For real value, ski down from the lofty heights of 1850 into cozy Courchevel Village, and tiptoe in to the cosy, tightly clustered tables of L’Azimut. For the price of just 28€, you can dine in Michelin-starred conviviality. The walls are adorned with old photographs of chefs, beloved patrons, and the innumerate awards bestowed upon L’Azimut. The highlight is a beautiful arctic char from a local lake. Beautifully delicate, it tumbled beneath the weight of my cutlery, offset by a piece of pungent Morceau sausage.
It would be easy to paint an infinite number of pictures of Courchevel. To some, this is the heart of decadence; a way to disappear into a corner of the world that is defined by table service, where every whim fed and fettered. For others, it is an almost holy place. Head Chef at Le Portetta, Henri Dereani, climbs into the mountains during the summer to gather wormwood to make his own génépi (a local schnapps). Michel Rochedy spends his free time making phenomenal confiture. Gaëtan Bouvier, the Head Sommelier at the gorgeous Villa Florentine in Lyon waxes lyrically for ten minutes about local champagne he discovered, his close relationships with the farmer a source of clear devotion. This reverence is distilled in every restaurant, in every plate of food. Superficially Courchevel may be a ski town, there’s the Courchevel mammoth too, and Courchevel poker, but I would be happy to merely waddle from artist to artist, contentedly full, marvelling in their genius.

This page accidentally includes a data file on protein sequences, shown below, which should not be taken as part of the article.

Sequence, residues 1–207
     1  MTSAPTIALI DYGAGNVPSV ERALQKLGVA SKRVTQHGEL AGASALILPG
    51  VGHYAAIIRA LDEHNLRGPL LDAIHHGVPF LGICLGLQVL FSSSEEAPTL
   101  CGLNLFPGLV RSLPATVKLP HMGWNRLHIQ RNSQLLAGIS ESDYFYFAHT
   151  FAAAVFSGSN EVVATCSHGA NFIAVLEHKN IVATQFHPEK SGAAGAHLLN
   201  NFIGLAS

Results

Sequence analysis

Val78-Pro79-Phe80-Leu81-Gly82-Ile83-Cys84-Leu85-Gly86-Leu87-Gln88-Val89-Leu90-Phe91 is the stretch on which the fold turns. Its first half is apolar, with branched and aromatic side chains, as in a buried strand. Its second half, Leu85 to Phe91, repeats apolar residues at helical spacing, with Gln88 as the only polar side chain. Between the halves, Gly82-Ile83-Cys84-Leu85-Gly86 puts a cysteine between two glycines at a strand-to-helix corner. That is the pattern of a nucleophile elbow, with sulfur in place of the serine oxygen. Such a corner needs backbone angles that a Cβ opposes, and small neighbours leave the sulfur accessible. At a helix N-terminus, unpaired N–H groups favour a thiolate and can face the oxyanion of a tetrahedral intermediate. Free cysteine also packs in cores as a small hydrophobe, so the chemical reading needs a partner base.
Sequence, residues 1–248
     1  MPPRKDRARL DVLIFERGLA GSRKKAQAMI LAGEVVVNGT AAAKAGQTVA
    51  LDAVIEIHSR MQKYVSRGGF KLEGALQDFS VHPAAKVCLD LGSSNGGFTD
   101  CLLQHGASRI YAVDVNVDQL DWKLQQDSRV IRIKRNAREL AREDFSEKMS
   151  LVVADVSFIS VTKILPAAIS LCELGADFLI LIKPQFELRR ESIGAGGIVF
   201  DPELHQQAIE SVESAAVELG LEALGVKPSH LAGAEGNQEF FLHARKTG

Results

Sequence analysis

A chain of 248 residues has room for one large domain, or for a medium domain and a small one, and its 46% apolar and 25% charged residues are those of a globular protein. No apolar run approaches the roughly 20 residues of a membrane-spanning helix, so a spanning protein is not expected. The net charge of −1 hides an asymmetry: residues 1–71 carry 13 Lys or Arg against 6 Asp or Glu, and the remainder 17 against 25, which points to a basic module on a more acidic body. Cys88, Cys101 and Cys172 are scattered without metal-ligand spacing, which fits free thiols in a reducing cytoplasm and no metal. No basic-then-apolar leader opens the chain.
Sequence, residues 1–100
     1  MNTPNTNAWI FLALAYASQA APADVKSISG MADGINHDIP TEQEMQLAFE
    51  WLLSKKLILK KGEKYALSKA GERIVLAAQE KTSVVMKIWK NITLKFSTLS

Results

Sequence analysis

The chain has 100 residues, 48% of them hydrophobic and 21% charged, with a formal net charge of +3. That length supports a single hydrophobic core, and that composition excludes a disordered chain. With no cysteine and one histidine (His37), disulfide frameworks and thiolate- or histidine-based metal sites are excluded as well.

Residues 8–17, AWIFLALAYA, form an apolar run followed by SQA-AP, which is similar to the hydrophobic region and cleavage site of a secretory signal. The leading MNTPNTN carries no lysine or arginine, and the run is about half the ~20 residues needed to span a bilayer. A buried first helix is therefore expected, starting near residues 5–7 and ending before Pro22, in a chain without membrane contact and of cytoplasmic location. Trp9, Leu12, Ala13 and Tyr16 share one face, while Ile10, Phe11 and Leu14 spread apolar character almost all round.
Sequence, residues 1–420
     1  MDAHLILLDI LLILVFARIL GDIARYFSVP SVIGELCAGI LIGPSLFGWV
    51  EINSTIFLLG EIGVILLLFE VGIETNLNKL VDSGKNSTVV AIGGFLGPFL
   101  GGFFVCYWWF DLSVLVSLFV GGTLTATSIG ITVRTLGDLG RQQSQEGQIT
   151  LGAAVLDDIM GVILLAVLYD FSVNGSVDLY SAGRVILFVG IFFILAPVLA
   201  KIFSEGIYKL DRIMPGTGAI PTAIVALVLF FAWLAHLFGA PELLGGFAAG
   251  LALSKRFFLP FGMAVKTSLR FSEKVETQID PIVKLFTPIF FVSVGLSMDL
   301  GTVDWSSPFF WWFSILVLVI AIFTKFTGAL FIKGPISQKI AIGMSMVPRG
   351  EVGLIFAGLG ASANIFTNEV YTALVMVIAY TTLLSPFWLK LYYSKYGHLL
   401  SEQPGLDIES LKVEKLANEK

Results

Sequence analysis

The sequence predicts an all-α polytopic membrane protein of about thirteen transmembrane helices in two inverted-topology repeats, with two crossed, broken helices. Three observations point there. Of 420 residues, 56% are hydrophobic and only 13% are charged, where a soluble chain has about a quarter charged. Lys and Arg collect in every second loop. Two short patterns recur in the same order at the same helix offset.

words: Will Squires
- Fares from London to Lyon start at £89.00 standard class return. Fares from London to Moutiers start at £111 standard class return. All fares are per person and subject to availability. For bookings visit European rail experts voyages-sncf.com or call 0844 848 5848
For more information about the French mountains, see en.france-montagnes.com